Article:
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Oklahoma bill banning gender-affirming care for trans youth heads to governor's desk

Kateleigh Mills

Updated: April 28 at 8:28 a.m.

A bill banning gender-affirming healthcare for transgender youth is headed to the governor's desk.

The Oklahoma Senate Republican majority passed Senate Bill 613 Thursday night along party lines, by a vote of 37 to 8.

Among other things, the bill would punish doctors found in violation of the law by having their licenses revoked and charging them with a felony that could result in up to $100,000 in fines or ten years in prison.

Opponents of the legislation warn that lawmakers are "inflicting cruel and intentional harm" on transgender youth.

"Our government should not interfere with the care we receive, the curriculum our schools teach, or what information we can safely share with a trusted doctor or teacher. But almost every day this session, politicians have pushed laws that infringe on our freedoms," said Tamya Cox-Touré, Executive Director of the ACLU of Oklahoma.

What remains to be seen is whether Gov. Kevin Stitt will sign or veto the legislation.

During his State of the State address in February, Stitt called for a ban on gender-affirming care in the state. But, this week, a fight over education funding has resulted in Stitt vetoing dozens of Senate-authored bills.

He said he will veto any measures authored by Senators against his education funding plan. That includes Bartlesville Sen. Julie Daniels, who authored SB613.


A bill banning gender-affirming care for minors and criminalizes care is nearing the finish line.

Senate Bill 613 mirrors the state’s abortion bans, in that it makes performing the service — in this case, gender-affirming healthcare for transgender youth — a felony, threatening medical providers with up to a decade in prison and $100,000 in fines.

It also mirrors the abortion ban that allows private citizens to file lawsuits for damages against doctors in civil court. Additionally, it adds providing gender-affirming services to children as a cause for medical and nursing license revocations.

The bill bans surgeries, which medical providers generally recommend only for adults, as well as less intense and non-permanent treatments such as puberty blockers.

"Not only does SB613 take away the rights of parents and families to seek life-saving care for their children, it threatens the livelihood of any physician who offers gender-affirming care in Oklahoma," said Rep. Trish Ranson, D-Stillwater.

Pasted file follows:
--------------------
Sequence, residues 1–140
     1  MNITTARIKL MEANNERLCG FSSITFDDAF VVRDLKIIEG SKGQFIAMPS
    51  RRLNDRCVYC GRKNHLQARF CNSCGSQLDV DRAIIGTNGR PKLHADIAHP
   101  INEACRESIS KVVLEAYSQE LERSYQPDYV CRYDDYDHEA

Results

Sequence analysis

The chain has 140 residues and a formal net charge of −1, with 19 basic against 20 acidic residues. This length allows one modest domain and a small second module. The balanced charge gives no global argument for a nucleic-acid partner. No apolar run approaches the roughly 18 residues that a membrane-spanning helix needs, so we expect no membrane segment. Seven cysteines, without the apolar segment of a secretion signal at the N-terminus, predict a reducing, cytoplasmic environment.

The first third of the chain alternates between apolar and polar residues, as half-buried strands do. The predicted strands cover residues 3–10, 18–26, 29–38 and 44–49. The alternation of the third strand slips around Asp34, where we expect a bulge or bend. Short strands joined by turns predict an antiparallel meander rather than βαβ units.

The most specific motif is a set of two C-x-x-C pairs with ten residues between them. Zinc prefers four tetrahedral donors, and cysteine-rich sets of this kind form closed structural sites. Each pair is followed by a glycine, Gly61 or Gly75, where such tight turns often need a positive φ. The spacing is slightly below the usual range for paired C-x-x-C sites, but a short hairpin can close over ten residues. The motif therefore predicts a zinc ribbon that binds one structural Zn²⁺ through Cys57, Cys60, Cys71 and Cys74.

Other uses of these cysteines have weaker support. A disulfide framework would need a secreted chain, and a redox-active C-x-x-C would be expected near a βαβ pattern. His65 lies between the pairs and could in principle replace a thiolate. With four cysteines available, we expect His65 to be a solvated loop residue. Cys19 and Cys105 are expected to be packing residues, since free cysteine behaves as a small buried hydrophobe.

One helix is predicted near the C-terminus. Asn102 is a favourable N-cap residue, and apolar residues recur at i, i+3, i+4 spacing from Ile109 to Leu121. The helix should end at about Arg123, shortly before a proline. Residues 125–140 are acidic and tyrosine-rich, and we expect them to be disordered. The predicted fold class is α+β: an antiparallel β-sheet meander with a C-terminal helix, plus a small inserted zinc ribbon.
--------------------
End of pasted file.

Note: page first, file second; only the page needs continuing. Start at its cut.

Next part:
Democratic lawmakers pointed to state national medical organizations that oppose bans on gender-affirming care, such as The American Academy of Pediatrics, American Academy of Child and Adolescent Psychiatry and the Oklahoma Psychiatric Physicians Association.

In recent weeks and months, states like North Dakota, Georgia, Mississippi and Tennessee have signed similar bans into law.

In Montana this week, a transgender lawmaker was formally punished from attending or speaking during floor sessions after telling supporters of a bill to ban gender-affirming care that they would have blood on their hands. She says she was alluding to studies that show that transgender health care can reduce suicidality in youth.

Democratic Rep. Mauree Turner of Oklahoma City — the legislature's only open nonbinary member — echoed similar worries after the passage of SB613.

"This bill puts lives on the line, and will be directly responsible for the lives lost here — whether that is because Oklahoma families and individuals move away or because they die," said Turner.

SB613 passed off the House floor Wednesday night along party lines, 73 to 18. It will now head back to the Senate for another vote before it can go to the governor’s desk.

There is also a House bill that bans the care for minors, as well as all public funding and insurance coverage for gender-affirming care for Oklahomans of any age. But, it didn’t get a hearing in the Senate.

Help is available

There are resources available for 2SLGBTQ+ people seeking mental health support.

  • Trans Lifeline is a suicide hotline for trans people, run by transgender volunteers. Their hotline number is 877-565-8860.

  • If you are a young person in crisis, feeling suicidal, or in need of a safe and judgment-free place to talk, you can contact The Trevor Project's Trevor Lifeline 24/7 at 1-866-488-7386, via chat every day or by texting "START" to 678-678.

Copyright 2023 KOSU. To see more, visit KOSU.

Catherine Sweeney
Ryan LaCroix joined KOSU’s staff in 2013. He hosts All Things Considered, Oklahoma Rock Show, Oklahoma Rock Show: Rewind, and Oklahoma Music Minute.